(Reuters) – Facebook Inc
Branded or sponsored content is posted by users paid by a brand to promote a message on social media. Facebook does not make money from these posts and hence does not consider them as advertisement. It, however, requires content creators to disclose paid partnerships.
Facebook had previously excluded political entities from using its tools to run branded content campaigns, but it has clarified that it now allows influencers to create such content for political campaigns if the posts are disclosed as branded content.
The change comes after U.S. Democratic presidential candidate Michael Bloomberg this week ran a sponsored content campaign with popular meme accounts on Facebook-owned Instagram.
“After hearing from multiple campaigns, we agree that there’s a place for branded content in political discussion on our platforms,” a Facebook spokesman said in a statement.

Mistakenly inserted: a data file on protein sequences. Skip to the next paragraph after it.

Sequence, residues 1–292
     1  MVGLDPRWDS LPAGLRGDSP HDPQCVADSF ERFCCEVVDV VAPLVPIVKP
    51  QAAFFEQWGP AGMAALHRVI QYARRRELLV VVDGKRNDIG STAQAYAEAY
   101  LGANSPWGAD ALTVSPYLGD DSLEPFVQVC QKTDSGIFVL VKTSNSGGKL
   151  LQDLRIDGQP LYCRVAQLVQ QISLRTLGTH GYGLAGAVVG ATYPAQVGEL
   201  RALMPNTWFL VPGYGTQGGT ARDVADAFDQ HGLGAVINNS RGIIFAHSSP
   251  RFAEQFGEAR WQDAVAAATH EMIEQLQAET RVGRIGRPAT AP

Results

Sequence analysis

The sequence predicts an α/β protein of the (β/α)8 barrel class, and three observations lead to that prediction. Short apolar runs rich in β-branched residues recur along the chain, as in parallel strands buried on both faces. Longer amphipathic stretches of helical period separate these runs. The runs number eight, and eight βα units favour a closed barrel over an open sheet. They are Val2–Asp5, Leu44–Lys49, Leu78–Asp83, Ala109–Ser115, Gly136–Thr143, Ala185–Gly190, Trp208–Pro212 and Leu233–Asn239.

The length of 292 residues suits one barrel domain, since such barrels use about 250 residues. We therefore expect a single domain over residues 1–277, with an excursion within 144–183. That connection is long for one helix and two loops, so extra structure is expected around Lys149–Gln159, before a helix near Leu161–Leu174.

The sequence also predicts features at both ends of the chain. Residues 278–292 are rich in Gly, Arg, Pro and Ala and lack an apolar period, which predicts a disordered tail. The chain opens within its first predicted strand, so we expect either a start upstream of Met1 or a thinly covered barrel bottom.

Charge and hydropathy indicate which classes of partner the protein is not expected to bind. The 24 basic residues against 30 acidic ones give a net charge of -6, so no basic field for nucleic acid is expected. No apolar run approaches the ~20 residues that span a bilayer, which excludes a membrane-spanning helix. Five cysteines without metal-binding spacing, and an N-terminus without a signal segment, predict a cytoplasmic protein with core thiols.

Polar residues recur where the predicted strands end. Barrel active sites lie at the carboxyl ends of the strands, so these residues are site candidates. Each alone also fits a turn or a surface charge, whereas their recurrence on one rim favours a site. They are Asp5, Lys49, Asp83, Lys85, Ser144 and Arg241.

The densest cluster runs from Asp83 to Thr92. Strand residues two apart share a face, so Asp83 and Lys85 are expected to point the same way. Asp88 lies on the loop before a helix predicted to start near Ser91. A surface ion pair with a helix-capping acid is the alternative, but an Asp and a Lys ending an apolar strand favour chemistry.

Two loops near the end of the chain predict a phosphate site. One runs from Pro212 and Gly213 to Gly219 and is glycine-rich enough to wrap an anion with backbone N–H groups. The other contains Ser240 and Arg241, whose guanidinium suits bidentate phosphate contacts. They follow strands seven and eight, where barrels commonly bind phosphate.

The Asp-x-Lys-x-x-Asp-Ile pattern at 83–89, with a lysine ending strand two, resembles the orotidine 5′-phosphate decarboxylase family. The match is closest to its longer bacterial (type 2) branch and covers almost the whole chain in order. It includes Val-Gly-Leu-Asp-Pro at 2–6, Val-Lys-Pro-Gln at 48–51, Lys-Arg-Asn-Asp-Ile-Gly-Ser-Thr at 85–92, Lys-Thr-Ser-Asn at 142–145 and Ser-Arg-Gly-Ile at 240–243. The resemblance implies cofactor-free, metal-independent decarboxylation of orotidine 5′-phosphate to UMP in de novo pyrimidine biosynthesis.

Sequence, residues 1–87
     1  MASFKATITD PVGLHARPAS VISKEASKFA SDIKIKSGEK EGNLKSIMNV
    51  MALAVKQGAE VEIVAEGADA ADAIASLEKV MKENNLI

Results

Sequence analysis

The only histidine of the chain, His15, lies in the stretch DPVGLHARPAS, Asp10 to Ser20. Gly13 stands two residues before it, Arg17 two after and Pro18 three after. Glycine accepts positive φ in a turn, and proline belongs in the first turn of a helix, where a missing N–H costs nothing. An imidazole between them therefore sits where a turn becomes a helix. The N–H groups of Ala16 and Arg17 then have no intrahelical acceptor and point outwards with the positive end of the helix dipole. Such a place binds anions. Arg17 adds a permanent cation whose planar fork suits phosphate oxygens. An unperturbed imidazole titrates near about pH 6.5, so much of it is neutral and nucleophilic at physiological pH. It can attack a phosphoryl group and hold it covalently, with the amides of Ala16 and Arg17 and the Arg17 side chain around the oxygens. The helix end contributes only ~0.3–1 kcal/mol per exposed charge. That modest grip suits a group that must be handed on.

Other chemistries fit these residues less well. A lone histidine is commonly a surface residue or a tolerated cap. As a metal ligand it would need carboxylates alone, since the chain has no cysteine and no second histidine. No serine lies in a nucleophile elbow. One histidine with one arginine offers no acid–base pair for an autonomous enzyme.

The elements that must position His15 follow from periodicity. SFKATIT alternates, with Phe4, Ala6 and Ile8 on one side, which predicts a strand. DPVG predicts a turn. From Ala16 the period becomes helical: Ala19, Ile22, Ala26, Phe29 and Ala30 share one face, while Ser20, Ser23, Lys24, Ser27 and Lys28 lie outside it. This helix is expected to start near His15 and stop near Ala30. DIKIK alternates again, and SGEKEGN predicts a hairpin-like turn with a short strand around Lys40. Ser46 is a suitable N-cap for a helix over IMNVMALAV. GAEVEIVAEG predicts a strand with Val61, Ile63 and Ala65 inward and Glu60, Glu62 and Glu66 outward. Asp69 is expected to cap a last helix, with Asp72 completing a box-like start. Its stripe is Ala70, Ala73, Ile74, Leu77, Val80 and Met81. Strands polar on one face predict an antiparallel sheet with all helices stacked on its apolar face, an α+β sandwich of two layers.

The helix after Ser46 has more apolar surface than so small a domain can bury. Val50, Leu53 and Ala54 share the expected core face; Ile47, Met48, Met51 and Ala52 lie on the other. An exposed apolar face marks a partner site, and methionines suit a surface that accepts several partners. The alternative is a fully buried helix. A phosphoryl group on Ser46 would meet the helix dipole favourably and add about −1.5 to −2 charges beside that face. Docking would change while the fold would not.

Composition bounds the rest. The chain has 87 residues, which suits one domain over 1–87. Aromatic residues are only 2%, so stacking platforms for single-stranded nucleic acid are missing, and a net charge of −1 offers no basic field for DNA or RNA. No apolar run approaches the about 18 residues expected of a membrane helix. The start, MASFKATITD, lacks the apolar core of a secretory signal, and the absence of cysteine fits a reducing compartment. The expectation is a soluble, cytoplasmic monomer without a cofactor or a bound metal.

Facebook said sponsored content from political advertisers will not be included in its ad Library, a database maintained to provide transparency around political and other advertising, unless the creator pays to promote the post using the company’s advertising tools.
Facebook’s political ad policies have been under scrutiny in the run up to the U.S. presidential election in November, with the company’s decision to exempt politicians’ ads from fact-checking coming under fire from some regulators and lawmakers.
The company said on Friday it would require political candidates running sponsored content campaigns to be “authorized”, which means they must go through an ID verification process.
A Facebook spokesman told Reuters that the Bloomberg campaign was not the only political campaign that had asked about Facebook’s policies regarding sponsored content.
(Reporting by Elizabeth Culliford and Katie Paul in San Francisco and Ayanti Bera in Bengaluru ; Editing by Shinjini Ganguli and Shailesh Kuber)